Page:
Conchiglie with saffron, capers and raisins recipe | Yotam Ottolenghi | The new vegetarian

This vegetarian take on a Sicilian fishy spaghetti is ideal for using up what's in the store cupboard, yet with its magically synchronised sweet, salty and sour flavour, doesn't at all taste like a last-minute supper. It may not seem quite right to mix all these flavours, but it really works. Use fennel or red onion (which will need longer cooking) instead of the celery, if you prefer. I use conchiglie (shell-shaped pasta) because of the way it captures the sauce, offering a sweet or savoury surprise with every bite. This dish is excellent both as a hot main or, once cool, as a pasta salad to take to work or on a picnic. If you choose to finish it off with cheese, do so sparingly – it doesn't need much. Serves two to three.

6 stalks celery (ie, around 180g)
90ml olive oil
30g pine nuts, roughly broken
40g capers, plus 2 tbsp of their brine
10 large green olives (40g), pitted and cut into 1cm dice
1 good pinch saffron, mixed with 1 tbsp hot water
1½ tsp white-wine vinegar
100g raisins, soaked in water
250g conchiglie pasta
30g chopped parsley
Grated zest of 1 lemon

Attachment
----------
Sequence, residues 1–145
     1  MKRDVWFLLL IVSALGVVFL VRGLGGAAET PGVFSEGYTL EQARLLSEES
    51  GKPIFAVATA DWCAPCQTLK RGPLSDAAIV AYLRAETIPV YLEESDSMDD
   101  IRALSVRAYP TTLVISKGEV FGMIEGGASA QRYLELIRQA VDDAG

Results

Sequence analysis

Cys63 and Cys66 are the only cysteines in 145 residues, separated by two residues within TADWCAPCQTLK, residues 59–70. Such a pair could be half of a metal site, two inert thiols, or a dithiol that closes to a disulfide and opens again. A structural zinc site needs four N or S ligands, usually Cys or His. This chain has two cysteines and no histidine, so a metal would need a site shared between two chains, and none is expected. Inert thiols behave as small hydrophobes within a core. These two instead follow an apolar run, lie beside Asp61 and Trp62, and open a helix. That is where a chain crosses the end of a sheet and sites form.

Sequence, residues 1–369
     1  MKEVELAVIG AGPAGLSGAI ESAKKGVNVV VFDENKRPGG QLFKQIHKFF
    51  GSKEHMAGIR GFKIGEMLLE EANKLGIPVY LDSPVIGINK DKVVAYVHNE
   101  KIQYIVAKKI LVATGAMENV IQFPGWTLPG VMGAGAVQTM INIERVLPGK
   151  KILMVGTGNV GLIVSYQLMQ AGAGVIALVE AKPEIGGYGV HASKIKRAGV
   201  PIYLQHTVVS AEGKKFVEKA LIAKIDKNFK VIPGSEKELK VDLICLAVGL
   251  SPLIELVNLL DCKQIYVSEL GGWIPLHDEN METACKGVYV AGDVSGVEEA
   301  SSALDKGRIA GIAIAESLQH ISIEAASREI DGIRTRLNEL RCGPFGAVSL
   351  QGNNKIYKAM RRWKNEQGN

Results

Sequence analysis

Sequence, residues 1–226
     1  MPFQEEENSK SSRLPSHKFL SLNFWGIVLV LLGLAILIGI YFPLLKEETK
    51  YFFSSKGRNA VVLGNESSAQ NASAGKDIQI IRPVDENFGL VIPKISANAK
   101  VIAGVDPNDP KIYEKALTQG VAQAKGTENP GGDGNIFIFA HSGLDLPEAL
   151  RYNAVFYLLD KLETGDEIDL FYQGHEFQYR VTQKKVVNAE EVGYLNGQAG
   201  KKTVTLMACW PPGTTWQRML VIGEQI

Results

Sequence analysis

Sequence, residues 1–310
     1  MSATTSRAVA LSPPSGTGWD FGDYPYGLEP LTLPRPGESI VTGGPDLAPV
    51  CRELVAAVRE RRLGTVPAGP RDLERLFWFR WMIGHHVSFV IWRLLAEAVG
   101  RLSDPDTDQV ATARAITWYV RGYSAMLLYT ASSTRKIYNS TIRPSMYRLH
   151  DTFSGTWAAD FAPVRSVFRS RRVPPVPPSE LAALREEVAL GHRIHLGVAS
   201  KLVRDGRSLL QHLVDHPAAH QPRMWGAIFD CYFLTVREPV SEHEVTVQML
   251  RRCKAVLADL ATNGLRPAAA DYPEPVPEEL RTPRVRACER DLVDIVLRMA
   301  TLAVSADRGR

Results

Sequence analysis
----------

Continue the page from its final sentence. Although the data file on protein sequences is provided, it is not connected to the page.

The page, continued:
1 garlic clove, crushed
Salt and freshly ground black pepper
Grated parmesan (or pecorino for a vegetarian alternative), optional

Trim any leaves from the celery (save them for later) and cut the stalks into 1cm dice. Heat the olive oil in a large sauté pan and add the diced celery and pine nuts. Over high heat, fry, stirring all the while, for a minute or two until the nuts begin to brown (take care as they can easily burn). Remove the pan from the heat and stir in the capers and their brine, the olives, saffron and its water, the vinegar and the drained raisins. Set aside.

Cook the pasta until al dente, drain into a colander and shake well. Tip the pasta into the pan, place over medium high heat and, stirring gently, quickly heat through. Once hot, stir in the parsley, lemon zest, garlic and lots of black pepper. Taste and add salt if needed.

Transfer to serving plates or bowls, scatter the reserved celery leaves on top and finish with a little cheese, if you like.

• Yotam Ottolenghi is chef/patron of Ottolenghi

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